Although working-from-home will still rule the roost for many, the step-down to Level 3 pandemic status sees non-essential New Zealand businesses begin to at least contemplate a return to the workplace.
However, this glimmer of hope will always be tempered by the implications of our new daily normal, and raises countless questions about just how that might work. ‘All changed, changed utterly’, as a certain Irish poet might have said.
One of the many working practices that will come under even further scrutiny is hot desking. For anyone not familiar with the concept, hot desking (also known as ‘location independent working’) is used in open plan offices where employees often outnumber desks. As opposed to workers having their own desk, seating is assigned daily on a ‘first in, first served’ basis, with desks either housing computers or optimised as ‘touchdown’ spaces for laptops.
Pros and cons
In recent years, hot desking has become a common practice in offices across New Zealand (and the world), with plenty of arguments for and against. Proponents of hot desking cite a more cost-effective and flexible way of working, one that flattens standard workplace hierarchy and encourages a more collaborative culture. A neater office too, as people feel obliged to keep desks tidy for the next user1.
The naysayers on the other hand – of which there are many - suggest that hot desking means employees can feel undervalued without a permanent ‘home’. And that’s not to mention making meetings harder to organise, workers feeling more isolated away from their team, or even making it nigh on impossible to locate the people you really need to talk to during the working day. In other words, one size definitely does not fit all2.
Yes, the jury is still out on hot desking, but now there’s an added complication in the mix. In the future, as our alert level continues to decrease and workers return to their hot desk office, how will it even work?
You know the drill
Regardless of where you stand (or sit) on hot desking, the last few weeks and months have seen public safety messages drilled into everyone on a daily basis. Wash your hands regularly using soap for at least 20 seconds to kill the virus. Use hand sanitiser wherever possible. Cover your mouth with your elbow when you cough or sneeze to prevent spreading infection. And more pertinently, keep communal surfaces disinfected regularly and practice social distancing by standing at least 2 metres away from anyone not in your bubble3.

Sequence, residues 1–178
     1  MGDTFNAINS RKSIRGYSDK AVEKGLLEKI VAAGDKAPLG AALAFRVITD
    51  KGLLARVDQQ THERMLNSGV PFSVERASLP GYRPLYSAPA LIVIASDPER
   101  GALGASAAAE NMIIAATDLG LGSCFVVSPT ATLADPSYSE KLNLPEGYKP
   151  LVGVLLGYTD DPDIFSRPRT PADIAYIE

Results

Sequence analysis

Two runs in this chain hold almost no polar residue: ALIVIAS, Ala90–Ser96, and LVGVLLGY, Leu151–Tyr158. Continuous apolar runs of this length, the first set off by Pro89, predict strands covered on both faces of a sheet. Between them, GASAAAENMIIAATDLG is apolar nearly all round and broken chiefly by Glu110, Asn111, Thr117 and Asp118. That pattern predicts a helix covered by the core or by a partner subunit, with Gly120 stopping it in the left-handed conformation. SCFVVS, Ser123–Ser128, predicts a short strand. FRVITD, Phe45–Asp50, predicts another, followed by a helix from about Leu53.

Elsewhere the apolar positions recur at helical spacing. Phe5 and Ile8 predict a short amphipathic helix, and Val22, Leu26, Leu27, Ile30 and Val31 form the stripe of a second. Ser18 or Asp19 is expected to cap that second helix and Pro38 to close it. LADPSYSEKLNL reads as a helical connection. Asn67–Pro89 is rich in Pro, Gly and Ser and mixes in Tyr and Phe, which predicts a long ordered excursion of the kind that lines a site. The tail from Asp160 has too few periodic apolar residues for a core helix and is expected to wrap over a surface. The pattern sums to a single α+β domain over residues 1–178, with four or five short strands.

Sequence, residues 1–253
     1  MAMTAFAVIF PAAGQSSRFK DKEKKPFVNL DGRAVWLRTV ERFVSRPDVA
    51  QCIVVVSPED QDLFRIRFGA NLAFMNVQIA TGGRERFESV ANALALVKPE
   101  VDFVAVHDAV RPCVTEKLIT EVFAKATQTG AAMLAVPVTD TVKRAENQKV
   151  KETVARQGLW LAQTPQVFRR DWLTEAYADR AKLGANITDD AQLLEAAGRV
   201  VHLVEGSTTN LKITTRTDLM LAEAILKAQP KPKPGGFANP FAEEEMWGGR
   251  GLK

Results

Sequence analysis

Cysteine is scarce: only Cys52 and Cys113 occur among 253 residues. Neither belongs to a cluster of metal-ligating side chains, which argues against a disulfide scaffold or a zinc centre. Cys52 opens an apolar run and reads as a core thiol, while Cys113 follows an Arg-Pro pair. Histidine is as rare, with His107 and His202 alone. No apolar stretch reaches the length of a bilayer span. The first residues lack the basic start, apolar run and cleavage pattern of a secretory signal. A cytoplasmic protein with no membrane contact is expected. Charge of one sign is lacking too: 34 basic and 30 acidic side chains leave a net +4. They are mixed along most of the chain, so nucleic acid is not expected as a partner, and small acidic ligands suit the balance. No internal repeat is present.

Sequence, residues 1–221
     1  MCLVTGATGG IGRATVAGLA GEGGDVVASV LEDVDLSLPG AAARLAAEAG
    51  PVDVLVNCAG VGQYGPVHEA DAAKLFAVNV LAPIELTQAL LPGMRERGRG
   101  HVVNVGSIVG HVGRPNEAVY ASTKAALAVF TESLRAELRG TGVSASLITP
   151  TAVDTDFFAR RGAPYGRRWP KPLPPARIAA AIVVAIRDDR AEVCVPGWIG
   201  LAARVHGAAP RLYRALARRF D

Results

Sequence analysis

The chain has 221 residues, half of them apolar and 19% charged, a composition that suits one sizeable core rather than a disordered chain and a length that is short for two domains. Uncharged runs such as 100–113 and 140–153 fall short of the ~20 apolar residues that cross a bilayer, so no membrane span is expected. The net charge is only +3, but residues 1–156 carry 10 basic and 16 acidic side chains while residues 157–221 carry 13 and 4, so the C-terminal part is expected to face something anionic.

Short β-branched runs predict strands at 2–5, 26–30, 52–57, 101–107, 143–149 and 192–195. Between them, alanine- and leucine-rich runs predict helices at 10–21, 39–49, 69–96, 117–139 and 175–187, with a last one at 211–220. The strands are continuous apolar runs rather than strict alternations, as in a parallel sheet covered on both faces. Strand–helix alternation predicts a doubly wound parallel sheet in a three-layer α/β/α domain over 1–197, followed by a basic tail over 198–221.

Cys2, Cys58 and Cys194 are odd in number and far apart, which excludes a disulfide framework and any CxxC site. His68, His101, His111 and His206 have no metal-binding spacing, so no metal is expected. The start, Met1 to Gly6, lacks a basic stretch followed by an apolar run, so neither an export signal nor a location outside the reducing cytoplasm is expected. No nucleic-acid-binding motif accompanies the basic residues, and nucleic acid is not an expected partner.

The trouble is, of course, that returning to a shared workplace will make these by now ingrained rules hard enough to follow in a traditional office, let alone in a hot desk environment. After all, it’s difficult to avoid close contact when you’re sitting next to people, and you can’t personally clean every surface and item as you move around the office. Which in turn begs the question, will your staff feel safe? And will they actually be safe?
With this in mind, we’ve put together some basic pointers to help you get ready for the return to ‘business as unusual’:
1. Be prepared for the worst
Hopefully it will never happen, but If someone in your workplace were to get sick with Covid-19, the level of equipment and cleaning required to sanitize every space is serious. You’ll need:
For a comprehensive cleaning guide and information on PPE gear please visit the Ministry of Health and/or the covid19.govt.nz website(s).
2. Talk to your cleaning company
If you employ your office cleaners directly, you’ll need to consider the equipment and cleaning products they’ll need in this new era. Or if your cleaners are on contract through an agency or company, talk to them about their plans and ability to deal with the new requirements. Better now than later.
3. Make a plan – now
Putting new systems, process and equipment in place takes time, especially given the restrictions and increased demands for some of the products you’ll need. Waiting until staff are back in the office is too late, so do it now.
Hot desking or not, getting back to workplace ‘normal’ depends on you and all your employees staying safe and well, so that you can all get on with your jobs. And given the inevitable economic downturn that Covid-19 brings for many businesses, it could even be the difference between survival – or not.